war made the U.S. industry world leaders after
    the war

49
Unheralded Growth and Transition
  • 1950-60s brought little technological change
  • easier to think of this time as period of
    reorganization / restructuring
  • Movement from small operations supplying
    domestic-market need to publicly trades
    corporations of international branch operations
    and product diversification
  • demanded larger / more capital intensive
    operations

50
Unheralded Growth and Transition, cont
  • ? How much of this overseas restructuring was the
    result of birth of U.S. environmental movement
    (NEPA, EPA, etc) and subsequent moratorium on
    production of select chemical production in the
    U.S.
  • --- it is clear that increased government
    regulation of pharmaceutical industry did occur

51
Unheralded Growth and Transition, cont
  • Example clioquinol thalidomide (Cantergan)
    and phocomelia deformity
  • I would add that this regulation was complicated
    by indirect biological response example
    exposure to
  • --- formaldehyde and sickhouse syndrome
  • --- sodium fluoroacetate

52
Unheralded Growth and Transition, cont
  • There are also immune system depressants that
    turn off body natural defenses
  • Widespread access to TV makes media become a
    leading mass marketing tool
  • chemical sales becomes big business
  • Economies of scale drove chemical industry
    thinking
  • (drive for efficiency and market share)

53
Unheralded Growth and Transition, cont
  • Also, during this period chemicals as weapons of
    war again make appearance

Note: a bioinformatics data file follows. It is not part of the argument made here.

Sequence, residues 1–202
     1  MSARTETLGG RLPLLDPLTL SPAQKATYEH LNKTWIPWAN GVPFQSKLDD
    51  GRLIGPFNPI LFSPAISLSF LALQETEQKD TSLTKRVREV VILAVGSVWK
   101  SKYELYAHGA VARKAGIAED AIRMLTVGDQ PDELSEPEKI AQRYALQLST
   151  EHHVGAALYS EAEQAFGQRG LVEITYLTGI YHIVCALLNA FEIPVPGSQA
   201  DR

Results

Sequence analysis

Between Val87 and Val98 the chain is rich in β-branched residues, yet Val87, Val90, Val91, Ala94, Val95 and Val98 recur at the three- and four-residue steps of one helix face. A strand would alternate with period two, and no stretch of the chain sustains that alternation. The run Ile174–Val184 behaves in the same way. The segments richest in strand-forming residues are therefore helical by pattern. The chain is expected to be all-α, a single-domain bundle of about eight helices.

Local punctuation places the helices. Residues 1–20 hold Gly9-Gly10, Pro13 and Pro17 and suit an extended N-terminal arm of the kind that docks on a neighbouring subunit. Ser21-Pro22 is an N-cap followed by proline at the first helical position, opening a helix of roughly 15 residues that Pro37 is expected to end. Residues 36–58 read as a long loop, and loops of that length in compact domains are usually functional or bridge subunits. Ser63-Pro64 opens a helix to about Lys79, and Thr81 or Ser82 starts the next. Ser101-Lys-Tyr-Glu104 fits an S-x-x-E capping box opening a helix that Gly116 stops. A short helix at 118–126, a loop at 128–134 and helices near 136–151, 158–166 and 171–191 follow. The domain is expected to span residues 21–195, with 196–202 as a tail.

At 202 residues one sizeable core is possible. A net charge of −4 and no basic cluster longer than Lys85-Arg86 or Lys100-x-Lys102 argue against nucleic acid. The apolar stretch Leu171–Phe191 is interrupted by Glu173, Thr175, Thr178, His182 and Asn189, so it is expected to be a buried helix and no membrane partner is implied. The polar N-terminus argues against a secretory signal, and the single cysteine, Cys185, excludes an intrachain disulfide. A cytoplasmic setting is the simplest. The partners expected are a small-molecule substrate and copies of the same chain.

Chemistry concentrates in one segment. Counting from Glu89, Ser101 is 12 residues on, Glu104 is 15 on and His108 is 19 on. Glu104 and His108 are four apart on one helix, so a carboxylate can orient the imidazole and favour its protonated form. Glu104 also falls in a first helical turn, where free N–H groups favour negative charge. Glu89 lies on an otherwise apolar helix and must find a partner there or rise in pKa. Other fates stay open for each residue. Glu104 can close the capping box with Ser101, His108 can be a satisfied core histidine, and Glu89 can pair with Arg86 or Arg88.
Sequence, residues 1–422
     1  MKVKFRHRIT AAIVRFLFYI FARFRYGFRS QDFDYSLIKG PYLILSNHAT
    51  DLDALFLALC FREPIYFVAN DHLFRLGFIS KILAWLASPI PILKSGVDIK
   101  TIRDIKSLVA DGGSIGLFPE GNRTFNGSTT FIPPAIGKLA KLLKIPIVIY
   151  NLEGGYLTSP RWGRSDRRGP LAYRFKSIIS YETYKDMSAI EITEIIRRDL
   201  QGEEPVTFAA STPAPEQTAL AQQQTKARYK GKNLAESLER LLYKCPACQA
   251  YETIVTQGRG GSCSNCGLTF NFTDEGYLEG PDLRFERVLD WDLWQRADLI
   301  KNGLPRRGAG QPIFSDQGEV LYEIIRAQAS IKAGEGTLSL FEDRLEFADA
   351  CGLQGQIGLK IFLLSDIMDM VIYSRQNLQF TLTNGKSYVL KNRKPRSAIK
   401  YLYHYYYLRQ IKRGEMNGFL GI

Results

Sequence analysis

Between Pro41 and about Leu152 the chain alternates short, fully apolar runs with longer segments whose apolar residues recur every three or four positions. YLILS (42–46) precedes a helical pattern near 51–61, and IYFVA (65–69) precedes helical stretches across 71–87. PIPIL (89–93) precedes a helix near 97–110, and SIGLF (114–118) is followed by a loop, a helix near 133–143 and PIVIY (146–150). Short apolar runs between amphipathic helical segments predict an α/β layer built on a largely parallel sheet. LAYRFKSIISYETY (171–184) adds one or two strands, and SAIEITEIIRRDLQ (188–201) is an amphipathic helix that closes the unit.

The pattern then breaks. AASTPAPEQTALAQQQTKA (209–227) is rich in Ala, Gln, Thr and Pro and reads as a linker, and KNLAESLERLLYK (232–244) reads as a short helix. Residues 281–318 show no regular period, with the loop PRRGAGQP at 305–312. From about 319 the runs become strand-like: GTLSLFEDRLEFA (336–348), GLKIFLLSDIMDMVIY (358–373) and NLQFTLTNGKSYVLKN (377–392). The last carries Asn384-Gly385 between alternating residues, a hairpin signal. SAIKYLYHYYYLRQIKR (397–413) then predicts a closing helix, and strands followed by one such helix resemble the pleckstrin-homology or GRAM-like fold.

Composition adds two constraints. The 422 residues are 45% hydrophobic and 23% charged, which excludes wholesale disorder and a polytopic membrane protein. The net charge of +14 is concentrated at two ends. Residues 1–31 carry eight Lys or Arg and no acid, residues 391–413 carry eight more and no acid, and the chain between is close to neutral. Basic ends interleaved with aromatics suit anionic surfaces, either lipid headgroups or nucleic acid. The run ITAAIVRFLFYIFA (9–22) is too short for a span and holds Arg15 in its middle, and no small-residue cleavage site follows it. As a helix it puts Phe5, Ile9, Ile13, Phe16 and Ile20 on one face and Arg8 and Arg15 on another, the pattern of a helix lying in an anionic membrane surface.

• now directed against their operating
    environment not them
  • ex napalm, dev. In WWII by Dupont and
    Standard Oil CO. reappears
  • Also a growing backlash against the chemical
    industry
  • Rachel Carson, Silent Spring
  • common ground movement of anti-war, consumer
    protection and environmental, groups

54
Safety and Environmental Awakening
  • With what we developed and what we knew at the
    time, is the U.S. chemical industry good or
    bad?
  • Mowrey and Redmond vs Ames
  • - After 1970 the chemical industry for first time
    comes under concerted, organized and unified
    regulatory effort

55
Safety and Environmental Awakening, cont
  • (1) Legislative - Occupational Safety and Health
    Administration (OSHA)
  • --- legislative act unifying worker protection
    across the U.S.
  • --- set health and safety standards for
    workplaces of 10 or more workers
  • --- Standards set for noise, chemical agents,
    temperature, workplace
  • safety, worker training and exposure

56
Safety and Environmental Awakening, cont
  • (2) Accidents brought occupational and
    environmental exposure
  • Firemaster (1974) fire retardant of
    polybrominated biphenyls was mistakenly delivered
    to a agricultural feed plant instead of
  • Nutrimaster , a dairy additive thousands of
    farm animals died, animal deformities

57
  • A Michigan feed worker accidentally mixed a bag
    of Firemaster into feed. Before discovered,
    thousands of cows (as well as pigs chickens
    sheep) in southwestern Michigan were affected.
    As were humans who ate the meat and eggs, drank
    the milk, etc
  • 23,000 cattle 1.5 million chickens thousands
    of pigs and sheep were slaughtered
  • why? simple mistake - same company, similar
    names, similar packaging

58
Safety and Environmental Awakening, cont
  • (2) Cont